“Vote Trump! Make America great again!”

Tanya Lima, 25, of Portland, looked up from her lemonade and into the faces of three white men aggressively yelling at her as they walked by.

“White lives matter!”

Lima had been relaxing at a Portland coffee shop on a recent Wednesday morning before work. Now, confusion and anger built in her body. She watched, almost from a distance, as everyone else continued their day. No one around her offered support. They even avoided eye contact.

“They just kept walking,” Lima recalled.

Disheartened, she wondered whether she should have chased the men down to confront them. She wondered about the reactions of other people within earshot. Then, she picked herself up, packed away her unresolved feelings, and went to work.

I’d been listening to stories like Lima’s all week — stories from black women about the experiences we have had in Maine — experiences we had to live through only because of the skin we are in. I spoke to black women who claimed simultaneous identities: LGBTQ, Muslim, immigrant and people with disabilities.

In our discussions, I wondered what determined whether we would share our experiences with others. For many of us, it comes down to the relationship. Are you really my friend? Have we seen the inside of each other’s homes? Do our children play together? Do we socialize together? Do we have a relationship built on trust and mutual respect?

Now, I’ve been to marches, rallies, vigils, forums, and most recently, the Portland Racial Justice Congress’ disruptive protest on July 15. I watched a panel discussion on “ Race Relations in Maine and in preparing to write this post I researched some of what has already been written on the subject in the state throughout the years.

It seems to me that with every new incident or iteration of the movement, people question the very existence of racism in Maine.

Dear reader, I need you to know that there are racists among us in 2016. And they are emboldened by Trump’s recent visit to Portland. I need you to believe people of color have traumatic experiences of racism in Maine — interpersonal, structural and violent. I need you to hear it, see it, so that we can begin to address it together. As a black woman and a mother, I feel the need to address systemic racism with a fierce sense of urgency. We need to do this as a community. Right now.

Perhaps, that is one value of disruptive protest: to interrupt daily routines of those who otherwise wouldn’t engage with the issue. To communicate a sense of urgency that some may not relate to.

Edwige Charlot, 29, of Portland, spoke with me about the trusting relationships she’d cultivated, her “village.” She described the sisterhood she felt with her friends, many of whom are white and had done significant inner work on confronting their privilege and implicit bias. She shares her experiences of racism with this group.

Charlot also described the litany of questions she faces when she first meets someone. How do I pronounce your name? Where are you from? There are black people in France?

These conversations are happening even in predominantly white, liberal, progressive and highly-educated spaces, she emphasized. Strangers express surprise over her own level of education and how articulate she is — making her feel as though she is “constantly having to prove your worth and your contribution.”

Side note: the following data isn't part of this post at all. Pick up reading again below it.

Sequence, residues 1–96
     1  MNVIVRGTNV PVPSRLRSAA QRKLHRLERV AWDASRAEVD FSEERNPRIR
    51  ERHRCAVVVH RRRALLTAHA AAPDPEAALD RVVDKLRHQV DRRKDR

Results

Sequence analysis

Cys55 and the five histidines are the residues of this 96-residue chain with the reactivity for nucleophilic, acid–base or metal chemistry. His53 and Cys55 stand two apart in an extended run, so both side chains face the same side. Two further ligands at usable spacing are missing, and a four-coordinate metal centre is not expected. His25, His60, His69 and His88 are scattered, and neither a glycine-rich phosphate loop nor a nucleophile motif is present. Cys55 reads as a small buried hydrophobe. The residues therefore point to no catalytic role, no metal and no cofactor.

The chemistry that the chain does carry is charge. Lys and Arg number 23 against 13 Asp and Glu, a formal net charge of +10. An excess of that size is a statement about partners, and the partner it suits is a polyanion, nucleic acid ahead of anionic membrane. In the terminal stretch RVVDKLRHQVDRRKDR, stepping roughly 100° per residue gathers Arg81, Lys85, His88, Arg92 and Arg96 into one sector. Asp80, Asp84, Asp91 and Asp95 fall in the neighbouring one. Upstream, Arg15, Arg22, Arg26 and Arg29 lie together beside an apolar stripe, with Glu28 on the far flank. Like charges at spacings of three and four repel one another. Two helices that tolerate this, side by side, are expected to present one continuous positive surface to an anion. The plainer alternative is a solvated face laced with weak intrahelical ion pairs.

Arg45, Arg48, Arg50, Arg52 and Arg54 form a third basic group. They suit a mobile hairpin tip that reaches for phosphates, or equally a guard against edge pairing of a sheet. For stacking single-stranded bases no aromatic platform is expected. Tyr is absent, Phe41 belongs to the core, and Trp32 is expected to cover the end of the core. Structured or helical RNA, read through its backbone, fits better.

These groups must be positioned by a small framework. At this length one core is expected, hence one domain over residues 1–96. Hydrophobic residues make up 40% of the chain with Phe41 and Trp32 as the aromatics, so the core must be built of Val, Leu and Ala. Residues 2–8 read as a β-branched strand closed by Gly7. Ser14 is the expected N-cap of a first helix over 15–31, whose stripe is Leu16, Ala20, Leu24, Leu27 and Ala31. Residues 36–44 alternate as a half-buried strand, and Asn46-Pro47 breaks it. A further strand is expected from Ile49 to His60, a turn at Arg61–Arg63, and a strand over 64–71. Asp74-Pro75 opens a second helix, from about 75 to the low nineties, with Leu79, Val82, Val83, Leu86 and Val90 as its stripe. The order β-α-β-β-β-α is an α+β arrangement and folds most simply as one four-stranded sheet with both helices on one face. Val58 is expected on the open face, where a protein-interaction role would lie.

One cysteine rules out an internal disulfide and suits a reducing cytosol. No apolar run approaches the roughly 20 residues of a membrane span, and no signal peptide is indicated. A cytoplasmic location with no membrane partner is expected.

Samaa Abdurraqib, 39, of South Portland, talked to me about how these constant interactions, or microaggressions, can wear on a spirit.

“It does happen that you just don’t believe anymore that your stories or experiences are going to be validated,” she said.

Shay Stewart-Bouley connected her experience of her family being called niggers in Old Port and the silence of those around her to power, privilege and relationships.

“Part of the reason that whites aren’t aware of what life is like for Black folks or other people of color is that far too many white people live, work and love in spaces that are all white. Too many white people don’t have real connections to Black folks or other non-white people and in a state like Maine, it is fairly easy to live your entire life never interacting with or knowing a non-white person. This creates a perfect setting for assuming that there is no racism,” she wrote.

When I asked about Abdurraqib’s approach to addressing racism she said, “In my life in Maine, I mostly refrain from talking about my individual experiences with racism. Because I don’t need the caretaking of me to overshadow the institutional racism. People will say, ‘I’m sorry that happened to you’ but ignore whether there are people of color represented in boards, government institutions, and so on. Everyone wants to feel their feelings but not do the work to eradicate.”

Personally, I don’t tell just anybody about my own experiences with racism. These are some of my most vulnerable, traumatic moments. If I’m going to share them, it has to be someone I trust with my heart. Someone who I know won’t force me to defend my perspective gained through so much lived experience. Someone who has more than a rudimentary analysis of racism in America. Someone who believes just about anything can happen, at any time, in any place in America, for any person of color. Basically, a really good friend.

When I do choose to share my experiences of racism in Maine with white people, often they shake their heads and express disbelief that racism is still a thing.

Marena Blanchard is an early childhood educator, mother, and community activist. She lives in Portland with her family.